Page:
Pressure is mounting because a $1.2 billion mortgage is due in February 2019, while losses make it unattractive to lenders who might refinance the debt. The building lost $14.5 million in 2016 and is on track to lose $24 million this year after a boost in the loan’s interest rate, according to data compiled by Bloomberg. A 30 percent vacancy rate, as of June, has deepened the losses as Kushner Cos. prepared to demolish the property and replace it — a process that would have required buying out existing leases. Vornado’s plans are designed to fill the building at market-rate rents and stanch the bleeding, three people said…

For entertainment purposes only (since there’s not much that hasn’t already been chewed over here), Kyle Pope in CJR on “The Jared Bubble: What my 18 months as Jared Kushner’s first editor taught me about the Trump family and the press”:

“You can’t say ‘hit job’ in here.”

I was six months into my tenure as the editor of the New York Observer, and I was schooling my publisher, Jared Kushner, on why ordering up a slam of someone who had crossed his family in business didn’t pass the journalistic smell test.
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Open Thread: Trump Lies About Fallen Soldiers & Actual Presidents

There is nothing this person will not lie about. THANKS, REPUBLICANS!

Trump was responding to a question about why he has not yet made remarks about the four special operations servicemen killed in Niger almost two weeks ago. Trump, speaking from the Rose Garden in a surprise press conference with Senate Majority Leader Mitch McConnell, R-Ky., said he plans on contacting the families soon.

“If you look at President [Barack] Obama and other presidents, most of them didn’t make calls. A lot of them didn’t make calls. I like to call when it’s appropriate, when I think I am able to do it,” said Trump. “They have made the ultimate sacrifice. So generally I would say that I like to call. I’m going to be calling them. I want a little time to pass. I’m going to be calling them.”…

The office staff is having a little trouble finding those phone numbers, y’see. And they tore the place up looking for the roll of stamps, but how often do letters get sent, these days?

Look, those soldiers will be just as dead during the off-season, but there’s only so many days suitable for a few rounds of golf. The man has his priorities.

“President Trump’s claim is unequivocally wrong,” a former Obama official said in a statement to ABC News. “President Obama engaged families of the fallen and wounded warriors throughout his presidency through calls, letters, visits to Section 60 at Arlington, visits to Walter Reed, visits to Dover, and regular meetings with Gold Star Families at the White House and across the country.”

“President Bush wrote all the families of the fallen, and called and/or met privately with hundreds if not thousands,” a spokesperson to former President George W. Bush told ABC News.

An aide to President Bill Clinton also called the claim false. “He did call the families of fallen soldiers while in office,” the official told ABC News.

Alyssa Mastromonaco, former White House deputy chief of staff and a longtime scheduler for Obama, told ABC News, “It is unconscionable that a president would dare to ever portray another as unpatriotic, which is essentially what he was doing.” …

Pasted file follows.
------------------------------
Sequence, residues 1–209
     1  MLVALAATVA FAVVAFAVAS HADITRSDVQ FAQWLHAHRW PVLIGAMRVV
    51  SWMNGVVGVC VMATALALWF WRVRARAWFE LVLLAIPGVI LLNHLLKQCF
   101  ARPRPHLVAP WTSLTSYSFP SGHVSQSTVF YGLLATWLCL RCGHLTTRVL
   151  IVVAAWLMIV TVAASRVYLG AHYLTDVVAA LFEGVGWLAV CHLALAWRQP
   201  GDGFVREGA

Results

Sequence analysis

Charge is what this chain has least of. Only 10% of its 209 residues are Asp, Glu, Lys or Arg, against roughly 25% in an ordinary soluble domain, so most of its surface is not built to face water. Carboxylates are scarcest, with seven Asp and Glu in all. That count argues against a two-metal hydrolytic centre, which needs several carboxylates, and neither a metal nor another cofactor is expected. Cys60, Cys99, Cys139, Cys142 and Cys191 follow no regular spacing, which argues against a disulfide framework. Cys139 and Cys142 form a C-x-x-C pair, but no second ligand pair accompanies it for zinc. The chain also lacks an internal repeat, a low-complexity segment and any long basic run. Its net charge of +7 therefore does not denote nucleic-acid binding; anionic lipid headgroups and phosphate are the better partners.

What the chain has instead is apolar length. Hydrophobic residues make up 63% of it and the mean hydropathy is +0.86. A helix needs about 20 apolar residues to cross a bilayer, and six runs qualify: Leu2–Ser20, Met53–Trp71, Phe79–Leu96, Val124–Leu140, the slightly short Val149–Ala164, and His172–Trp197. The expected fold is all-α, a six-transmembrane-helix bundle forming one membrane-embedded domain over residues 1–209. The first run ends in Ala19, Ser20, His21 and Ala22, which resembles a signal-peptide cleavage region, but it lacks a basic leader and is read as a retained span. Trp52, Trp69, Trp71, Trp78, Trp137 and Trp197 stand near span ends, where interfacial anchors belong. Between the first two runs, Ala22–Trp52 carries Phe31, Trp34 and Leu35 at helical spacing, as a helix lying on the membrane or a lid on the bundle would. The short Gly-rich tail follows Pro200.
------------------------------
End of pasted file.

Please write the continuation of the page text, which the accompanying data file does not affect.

He may be squatting in the Oval Office, but Donald Trump will never be “a president”.

(Also, too, if glum-faced Mitch McConnell had the political sense of my little dog, he’ve tried to distract his “leader” before he dug that trench any deeper — by faking a heart attack, if necessary. Nobody outside the 27% believes your ‘No True Republican’ bullshit, McConnell.)

ETA:


(Trump would probably explain that he prefers soldiers who don’t get wounded and suck up money that could better be spent on tax cuts shiny new weapons.)



Open Thread: Everything’s Bolder in This (Mal)Administration…

In a terse letter to Reps. Trey Gowdy (R-S.C.) and Elijah Cummings (D-Md.) — leaders of the House oversight committee — President Donald Trump’s congressional liaison Marc Short declined to indicate whether any administration officials had used personal email accounts or messaging services, despite reports suggesting such communications were common in the West Wing.

“The White House and covered employees endeavor to comply with all relevant laws,” Short wrote in a two-page reply delivered late last week and obtained Monday by POLITICO.

Short’s statement comes despite recent revelations that several senior aides to President Donald Trump routinely used private email addresses and personal devices for government business. Among the current and former aides who POLITICO found at least occasionally relied on private email addresses were Jared Kushner, Steve Bannon, Gary Cohn and Reince Priebus.

In a similarly brief letter, Short also declined to provide records in response to a separate inquiry by Gowdy and Cummings into the use of costly private air travel by top administration officials.

The White House’s limited responses set up a potential confrontation with Gowdy, a hard-nosed prosecutor with subpoena power and a track record that includes sharp criticism of Hillary Clinton’s use of private email as secretary of state. Cummings said last week that he hoped the committee would subpoena any information that the White House declined to provide, as have other Democrats…

Anybody want to bet that Witchfinder Gowdy will take more than a token interest in Lawyer Short’s curt dismissal of his mighty prosecutorial powers?

At least now we know why so many high-ranking Repubs have suddenly started wringing their pale plump hands over the reckless, out-of-control Trump cartel’s totally unprecedented “takeover” of the GOP — suddenly it’s in the Party’s interests to pretend they had nothing to do with this gang of thieves and con artists. Shocked! they are shocked! that there might be gambling going on in their personal branded casino!…